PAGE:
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dc.contributor.authorJones, H.R.A.
dc.contributor.authorButler, R.P.
dc.contributor.authorTinney, C.G.
dc.contributor.authorMarcy, G.W.
dc.contributor.authorCarter, B.D.
dc.contributor.authorPenny, A.J.
dc.contributor.authorMcCarthy, C.
dc.contributor.authorBailey, J.
dc.date.accessioned2007-07-08T20:22:19Z
dc.date.available2007-07-08T20:22:19Z
dc.date.issued2006
dc.identifier.citationJones , H R A , Butler , R P , Tinney , C G , Marcy , G W , Carter , B D , Penny , A J , McCarthy , C & Bailey , J 2006 , ' High-eccentricity planets from the Anglo-Australian planet search ' , Monthly Notices of the Royal Astronomical Society , vol. 369 , no. 1 , pp. 249-256 .
dc.identifier.issn0035-8711
dc.identifier.otherPURE: 172605
dc.identifier.otherPURE UUID: fc2da140-130b-4c25-9b9a-14f16c858453
dc.identifier.otherdspace: 2299/179
dc.identifier.otherScopus: 33745263905
dc.identifier.urihttp://hdl.handle.net/2299/179
dc.descriptionThe definitive version is available at www.blackwell-synergy.com--Copyright Blackwell Publishing
dc.description.abstractWe report Doppler measurements of the stars HD 187085 and HD 20782 which indi- cate two high eccentricity low-mass companions to the stars. We find HD 187085 has a Jupiter-mass companion with a 1000 d orbit. Our formal ‘best fit’ solution suggests an eccentricity of 0.47, however, it does not sample the periastron passage of the com- panion and we find that orbital solutions with eccentricities between 0.1 and 0.8 give only slightly poorer fits (based on RMS and 2 ) and are thus plausible. Observations made during periastron passage in 2007 June should allow for the reliable determi- nation of the orbital eccentricity for the companion to HD 187085. Our dataset for HD 20782 does sample periastron and so the orbit for its companion can be more reli- ably determined. We find the companion to HD 20782 has M sin i = 1.77±0.22 MJup, an orbital period of 595.86±0.03 d and an orbit with an eccentricity of 0.92±0.03. The detection of such high-eccentricity (and relatively low velocity amplitude) exoplanets appears to be facilitated by the long-term precision of the Anglo-Australian Planet Search. Looking at exoplanet detections as a whole, we find that those with higher eccentricity seem to have relatively higher velocity amplitudes indicating higher mass planets and/or an observational bias against the detection of high eccentricity systems.en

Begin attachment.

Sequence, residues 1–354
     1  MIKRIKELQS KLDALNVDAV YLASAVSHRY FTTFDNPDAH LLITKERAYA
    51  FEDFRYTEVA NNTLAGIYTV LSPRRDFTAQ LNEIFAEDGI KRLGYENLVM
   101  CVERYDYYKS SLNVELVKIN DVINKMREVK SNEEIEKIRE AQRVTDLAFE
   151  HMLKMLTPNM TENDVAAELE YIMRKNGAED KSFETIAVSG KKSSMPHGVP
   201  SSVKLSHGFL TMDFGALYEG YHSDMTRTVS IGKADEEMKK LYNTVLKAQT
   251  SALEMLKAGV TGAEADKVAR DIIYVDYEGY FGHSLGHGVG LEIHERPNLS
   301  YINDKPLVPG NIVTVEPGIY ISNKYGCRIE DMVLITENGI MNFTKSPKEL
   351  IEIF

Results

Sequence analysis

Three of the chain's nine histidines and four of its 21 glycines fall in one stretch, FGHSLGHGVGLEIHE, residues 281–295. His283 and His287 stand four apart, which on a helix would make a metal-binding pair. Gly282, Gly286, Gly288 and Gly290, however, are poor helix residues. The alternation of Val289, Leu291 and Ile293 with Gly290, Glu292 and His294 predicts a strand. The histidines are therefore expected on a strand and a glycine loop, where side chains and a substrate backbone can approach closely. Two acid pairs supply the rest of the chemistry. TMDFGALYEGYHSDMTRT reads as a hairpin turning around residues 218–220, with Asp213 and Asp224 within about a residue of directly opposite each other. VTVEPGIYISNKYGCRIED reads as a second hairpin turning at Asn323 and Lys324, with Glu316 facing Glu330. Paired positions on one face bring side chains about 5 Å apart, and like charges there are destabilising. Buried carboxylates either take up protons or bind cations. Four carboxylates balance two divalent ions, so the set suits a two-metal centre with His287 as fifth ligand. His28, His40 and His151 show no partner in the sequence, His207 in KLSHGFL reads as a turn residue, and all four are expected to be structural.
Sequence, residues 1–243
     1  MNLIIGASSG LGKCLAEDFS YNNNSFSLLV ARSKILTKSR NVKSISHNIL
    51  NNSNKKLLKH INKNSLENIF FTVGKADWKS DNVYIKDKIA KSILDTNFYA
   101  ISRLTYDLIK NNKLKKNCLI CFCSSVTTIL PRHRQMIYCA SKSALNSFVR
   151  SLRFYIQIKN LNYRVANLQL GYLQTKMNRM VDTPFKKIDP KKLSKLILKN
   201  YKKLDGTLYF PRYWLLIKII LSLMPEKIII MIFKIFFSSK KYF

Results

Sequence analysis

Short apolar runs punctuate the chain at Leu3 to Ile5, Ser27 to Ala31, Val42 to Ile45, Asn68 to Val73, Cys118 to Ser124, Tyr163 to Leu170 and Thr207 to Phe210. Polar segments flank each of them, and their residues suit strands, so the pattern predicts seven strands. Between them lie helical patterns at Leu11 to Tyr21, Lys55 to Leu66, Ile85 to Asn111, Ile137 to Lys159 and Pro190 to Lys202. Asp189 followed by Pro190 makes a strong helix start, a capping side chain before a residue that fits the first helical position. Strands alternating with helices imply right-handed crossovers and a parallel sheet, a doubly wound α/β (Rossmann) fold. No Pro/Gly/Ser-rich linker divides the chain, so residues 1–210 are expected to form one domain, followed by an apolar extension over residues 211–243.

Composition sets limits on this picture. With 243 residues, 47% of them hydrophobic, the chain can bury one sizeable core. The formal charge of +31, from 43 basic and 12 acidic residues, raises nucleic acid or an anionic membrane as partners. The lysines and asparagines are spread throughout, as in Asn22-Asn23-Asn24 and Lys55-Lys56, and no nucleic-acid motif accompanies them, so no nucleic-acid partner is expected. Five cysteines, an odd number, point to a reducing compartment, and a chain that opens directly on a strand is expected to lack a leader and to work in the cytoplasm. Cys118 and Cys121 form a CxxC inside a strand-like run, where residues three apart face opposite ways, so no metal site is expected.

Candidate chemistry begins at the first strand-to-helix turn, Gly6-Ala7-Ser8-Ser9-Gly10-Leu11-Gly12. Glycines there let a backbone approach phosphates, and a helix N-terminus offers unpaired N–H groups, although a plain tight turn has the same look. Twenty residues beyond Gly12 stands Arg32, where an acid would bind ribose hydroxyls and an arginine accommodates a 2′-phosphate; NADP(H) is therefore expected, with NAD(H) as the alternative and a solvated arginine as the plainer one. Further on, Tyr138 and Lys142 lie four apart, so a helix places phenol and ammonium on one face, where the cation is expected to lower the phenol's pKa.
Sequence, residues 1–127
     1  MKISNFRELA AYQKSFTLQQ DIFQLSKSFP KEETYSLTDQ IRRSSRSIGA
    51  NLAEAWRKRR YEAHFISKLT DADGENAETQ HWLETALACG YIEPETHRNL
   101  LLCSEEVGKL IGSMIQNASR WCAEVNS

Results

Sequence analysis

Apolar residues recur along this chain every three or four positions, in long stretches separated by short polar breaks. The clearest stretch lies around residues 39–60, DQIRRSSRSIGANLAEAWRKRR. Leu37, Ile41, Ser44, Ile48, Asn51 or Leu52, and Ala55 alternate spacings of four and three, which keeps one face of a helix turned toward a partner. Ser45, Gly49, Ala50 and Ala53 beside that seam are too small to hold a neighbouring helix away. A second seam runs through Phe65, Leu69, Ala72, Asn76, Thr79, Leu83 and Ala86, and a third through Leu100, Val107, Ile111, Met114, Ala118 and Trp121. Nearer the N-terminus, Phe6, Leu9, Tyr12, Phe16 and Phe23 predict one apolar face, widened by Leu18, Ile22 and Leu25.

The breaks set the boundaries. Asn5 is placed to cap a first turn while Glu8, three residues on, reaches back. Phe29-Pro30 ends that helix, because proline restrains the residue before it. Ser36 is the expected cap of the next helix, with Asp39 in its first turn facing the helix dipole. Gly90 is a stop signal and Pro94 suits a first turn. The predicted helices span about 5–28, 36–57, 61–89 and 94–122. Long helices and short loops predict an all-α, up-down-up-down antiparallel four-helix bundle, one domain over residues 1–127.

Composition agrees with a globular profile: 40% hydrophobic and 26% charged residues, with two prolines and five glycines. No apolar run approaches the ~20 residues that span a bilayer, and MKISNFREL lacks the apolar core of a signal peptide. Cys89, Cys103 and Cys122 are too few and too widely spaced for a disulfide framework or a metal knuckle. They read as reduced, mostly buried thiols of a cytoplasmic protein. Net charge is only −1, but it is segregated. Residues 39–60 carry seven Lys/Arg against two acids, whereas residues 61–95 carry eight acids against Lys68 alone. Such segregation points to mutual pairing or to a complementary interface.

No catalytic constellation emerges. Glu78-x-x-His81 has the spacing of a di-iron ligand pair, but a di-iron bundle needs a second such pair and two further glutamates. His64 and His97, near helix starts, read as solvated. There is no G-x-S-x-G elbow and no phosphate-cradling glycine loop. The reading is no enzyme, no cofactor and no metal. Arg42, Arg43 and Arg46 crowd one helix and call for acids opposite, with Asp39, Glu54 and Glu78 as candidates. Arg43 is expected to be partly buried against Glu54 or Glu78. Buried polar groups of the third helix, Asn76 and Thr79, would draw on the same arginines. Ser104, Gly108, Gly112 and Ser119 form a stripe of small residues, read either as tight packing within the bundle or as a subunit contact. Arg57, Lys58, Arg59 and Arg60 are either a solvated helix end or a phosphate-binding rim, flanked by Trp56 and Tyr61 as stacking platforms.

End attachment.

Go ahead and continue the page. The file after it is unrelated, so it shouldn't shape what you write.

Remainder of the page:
dc.language.isoeng
dc.relation.ispartofMonthly Notices of the Royal Astronomical Society
dc.rightsOpen
dc.titleHigh-eccentricity planets from the Anglo-Australian planet searchen
dc.contributor.institutionSchool of Physics, Astronomy and Mathematics
dc.description.statusPeer reviewed
dc.relation.schoolSchool of Physics, Astronomy and Mathematics
dcterms.dateAccepted2006
rioxxterms.typeJournal Article/Review
herts.preservation.rarelyaccessedtrue
herts.rights.accesstypeOpen


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